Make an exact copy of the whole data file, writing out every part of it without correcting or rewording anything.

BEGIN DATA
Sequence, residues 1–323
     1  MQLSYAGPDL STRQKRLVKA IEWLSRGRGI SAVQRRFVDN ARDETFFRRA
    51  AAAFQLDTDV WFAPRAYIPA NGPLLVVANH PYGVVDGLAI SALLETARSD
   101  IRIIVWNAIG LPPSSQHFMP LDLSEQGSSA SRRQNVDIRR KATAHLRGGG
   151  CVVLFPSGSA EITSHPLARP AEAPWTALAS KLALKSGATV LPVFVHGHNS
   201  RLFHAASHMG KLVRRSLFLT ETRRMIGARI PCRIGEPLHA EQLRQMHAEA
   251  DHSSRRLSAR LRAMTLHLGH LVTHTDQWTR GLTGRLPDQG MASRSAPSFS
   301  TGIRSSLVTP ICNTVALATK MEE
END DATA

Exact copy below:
Sequence, residues 1–323
     1  MQLSYAGPDL STRQKRLVKA IEWLSRGRGI SAVQRRFVDN ARDETFFRRA
    51  AAAFQLDTDV WFAPRAYIPA NGPLLVVANH PYGVVDGLAI SALLETARSD
   101  IRIIVWNAIG LPPSSQHFMP LDLSEQGSSA SRRQNVDIRR KATAHLRGGG
   151  CVVLFPSGSA EITSHPLARP AEAPWTALAS KLALKSGATV LPVFVHGHNS
   201  RLFHAASHMG KLVRRSLFLT ETRRMIGARI PCRIGEPLHA EQLRQMHAEA
   251  DHSSRRLSAR LRAMTLHLGH LVTHTDQWTR GLTGRLPDQG MASRSAPSFS
   301  TGIRSSLVTP ICNTVALATK MEE